Every coach goes through this difficult process. A swimmer breaks their arm, or wrist, and has to wear a cast for weeks on end. The swimmer inevitably thinks their season is over. But in reality it may be one of the best things that could happen to their swimming career.
Assuming the swimmer gets a waterproof cast, and doctor’s approval to exercise, the swimmer is now faced with a choice.
1. Spend the next many weeks (4-6 is not uncommon) kicking. Underwater kicking, surface kicking, vertical kicking. Every type of kicking you can image.
With this option, the swimmer not only gets much stronger legs, but also gets much stronger mentally. At first their legs will burn and they’ll have trouble walking up stairs. It will test their resolve. But if they’re tough enough, and if they have a proper program with sufficient recovery, their mind and legs will become stronger than they’ve ever been. When the cast is finally taken off, a gradual introduction of arms can take place, while the swimmer relies on their drastically improved kicking to get them through practice. And after just a few weeks with the cast off, the swimmer will be able to finish practices. WARNING: The coach just has to adjust their practices or the back / legs can get injured. It’s not advisable to just go to the back of the lane and kick every swim set.
We’ve had an experienced national age group qualifier do multiple PBs as little as 9 weeks after getting the cast off, and that was after a full 6 weeks with the cast. It’s not just possible to do this, but I’d say that the more powerful kicking and faster, longer underwater makes it probable. In the end, it could be the best thing that could happen to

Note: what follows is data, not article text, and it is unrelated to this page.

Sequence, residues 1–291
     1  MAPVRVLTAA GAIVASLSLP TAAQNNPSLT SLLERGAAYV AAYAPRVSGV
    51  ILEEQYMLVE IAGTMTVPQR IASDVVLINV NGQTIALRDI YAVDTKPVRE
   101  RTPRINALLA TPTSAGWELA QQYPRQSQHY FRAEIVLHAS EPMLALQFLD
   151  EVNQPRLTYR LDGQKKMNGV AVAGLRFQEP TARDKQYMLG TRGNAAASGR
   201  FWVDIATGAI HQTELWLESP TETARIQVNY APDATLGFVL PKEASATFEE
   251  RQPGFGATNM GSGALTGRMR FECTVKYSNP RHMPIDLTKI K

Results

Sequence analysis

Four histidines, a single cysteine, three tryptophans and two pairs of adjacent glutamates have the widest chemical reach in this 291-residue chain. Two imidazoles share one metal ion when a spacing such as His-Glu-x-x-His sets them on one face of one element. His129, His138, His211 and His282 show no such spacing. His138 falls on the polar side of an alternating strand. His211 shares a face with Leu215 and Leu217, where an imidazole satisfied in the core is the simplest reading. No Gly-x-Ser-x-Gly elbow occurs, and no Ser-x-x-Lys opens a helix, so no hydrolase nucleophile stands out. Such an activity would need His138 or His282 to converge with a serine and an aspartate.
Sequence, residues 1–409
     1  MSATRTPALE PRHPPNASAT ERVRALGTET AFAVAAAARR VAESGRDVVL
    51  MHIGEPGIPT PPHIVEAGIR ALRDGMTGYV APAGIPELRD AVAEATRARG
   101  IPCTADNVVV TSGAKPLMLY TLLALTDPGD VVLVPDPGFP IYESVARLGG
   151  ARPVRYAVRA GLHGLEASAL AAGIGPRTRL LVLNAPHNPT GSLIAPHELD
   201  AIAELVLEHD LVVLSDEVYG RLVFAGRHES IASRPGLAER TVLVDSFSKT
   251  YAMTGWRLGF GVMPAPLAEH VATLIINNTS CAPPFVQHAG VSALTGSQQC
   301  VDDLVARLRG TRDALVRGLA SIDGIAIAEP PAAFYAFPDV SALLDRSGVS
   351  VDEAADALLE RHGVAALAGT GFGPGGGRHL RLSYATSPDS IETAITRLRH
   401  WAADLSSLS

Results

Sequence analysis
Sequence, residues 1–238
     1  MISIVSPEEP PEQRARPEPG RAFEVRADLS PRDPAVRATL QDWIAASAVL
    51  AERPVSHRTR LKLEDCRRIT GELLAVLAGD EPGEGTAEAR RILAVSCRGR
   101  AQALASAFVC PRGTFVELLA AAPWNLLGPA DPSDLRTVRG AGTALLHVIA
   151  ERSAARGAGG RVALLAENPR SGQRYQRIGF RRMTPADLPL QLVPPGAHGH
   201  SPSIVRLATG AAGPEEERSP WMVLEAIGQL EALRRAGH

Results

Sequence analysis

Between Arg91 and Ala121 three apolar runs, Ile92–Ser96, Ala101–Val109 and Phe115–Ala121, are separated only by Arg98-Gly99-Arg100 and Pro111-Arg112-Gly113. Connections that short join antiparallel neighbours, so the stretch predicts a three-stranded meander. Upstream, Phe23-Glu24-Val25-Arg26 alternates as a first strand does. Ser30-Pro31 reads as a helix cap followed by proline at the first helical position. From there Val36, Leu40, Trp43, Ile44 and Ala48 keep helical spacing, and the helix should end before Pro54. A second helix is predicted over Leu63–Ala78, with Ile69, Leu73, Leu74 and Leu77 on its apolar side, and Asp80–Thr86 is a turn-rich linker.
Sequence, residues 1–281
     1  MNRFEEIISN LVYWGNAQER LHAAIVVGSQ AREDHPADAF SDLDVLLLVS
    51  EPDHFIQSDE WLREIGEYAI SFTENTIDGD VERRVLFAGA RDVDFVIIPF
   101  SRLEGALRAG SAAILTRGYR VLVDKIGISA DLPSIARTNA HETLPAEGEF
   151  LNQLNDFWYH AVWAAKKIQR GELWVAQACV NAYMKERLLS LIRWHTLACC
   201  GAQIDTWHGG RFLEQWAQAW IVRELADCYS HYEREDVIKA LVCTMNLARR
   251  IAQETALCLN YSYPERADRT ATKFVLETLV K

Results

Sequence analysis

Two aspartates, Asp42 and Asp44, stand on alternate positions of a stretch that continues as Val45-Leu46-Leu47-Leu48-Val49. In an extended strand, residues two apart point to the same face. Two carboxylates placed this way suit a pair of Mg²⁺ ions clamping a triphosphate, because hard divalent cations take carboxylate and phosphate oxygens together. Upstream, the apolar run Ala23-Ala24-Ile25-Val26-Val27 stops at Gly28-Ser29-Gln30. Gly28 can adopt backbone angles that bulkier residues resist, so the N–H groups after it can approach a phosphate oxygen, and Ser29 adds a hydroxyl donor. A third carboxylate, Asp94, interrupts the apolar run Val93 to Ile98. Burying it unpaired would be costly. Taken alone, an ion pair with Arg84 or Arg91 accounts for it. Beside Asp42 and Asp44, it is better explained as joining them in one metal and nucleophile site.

Our team is like the vast majority of swim teams in the world. We have no real access to long course training pools, and so we train short course all the time. This makes the transition to the long course season difficult, and it makes the first long course meet of the year very, very interesting.
There are a two uncomfortable aspects of the first Long Course [LC] meet.
1) Entry times are very difficult to beat.
This may just be an Ontario thing, but we use a system where entry times for a normal meet generally default to the fastest converted time. Since we’ve just finished our Short Course [SC] season, it generally means converting these times to LC for this meet. The problem is that SwimOntario mandates a 2% SC-LC conversion rate, which is absolutely ridiculous. How ridiculous? About a year ago I did an extensive analysis on SC and LC times, and determined real conversion rates for the different strokes, distances and genders (see here). These rates vary from a low of 1.5% for women’s distance Free to a high of 5.8% for men’s Back.)
So for the first LC meet of the year, we’re taking our fully tapered SC times from last month, adding 2%, and then publishing these times on the heat sheet. Most younger kids, some older ones, and virtually all parents do not understand that these entry times are unrealistic. To them, these times form a binary Good Swim/Bad Swim threshold. It’s a system that is designed to frustrate kids.
Let’s take an example from one of our younger female swimmers at our first LC meet on the weekend.
Last month PB: 200m SC Back: 2:46.46
Add 2% for SC-LC conversion: 2:49.79
Proper 4.4% conversion: